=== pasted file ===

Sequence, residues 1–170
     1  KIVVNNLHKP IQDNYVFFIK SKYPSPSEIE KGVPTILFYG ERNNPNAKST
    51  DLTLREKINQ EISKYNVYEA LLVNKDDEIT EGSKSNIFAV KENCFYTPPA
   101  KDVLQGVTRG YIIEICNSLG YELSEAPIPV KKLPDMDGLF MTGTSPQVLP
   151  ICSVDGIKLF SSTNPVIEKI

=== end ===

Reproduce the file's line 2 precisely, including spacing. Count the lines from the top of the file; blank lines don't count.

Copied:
     1  KIVVNNLHKP IQDNYVFFIK SKYPSPSEIE KGVPTILFYG ERNNPNAKST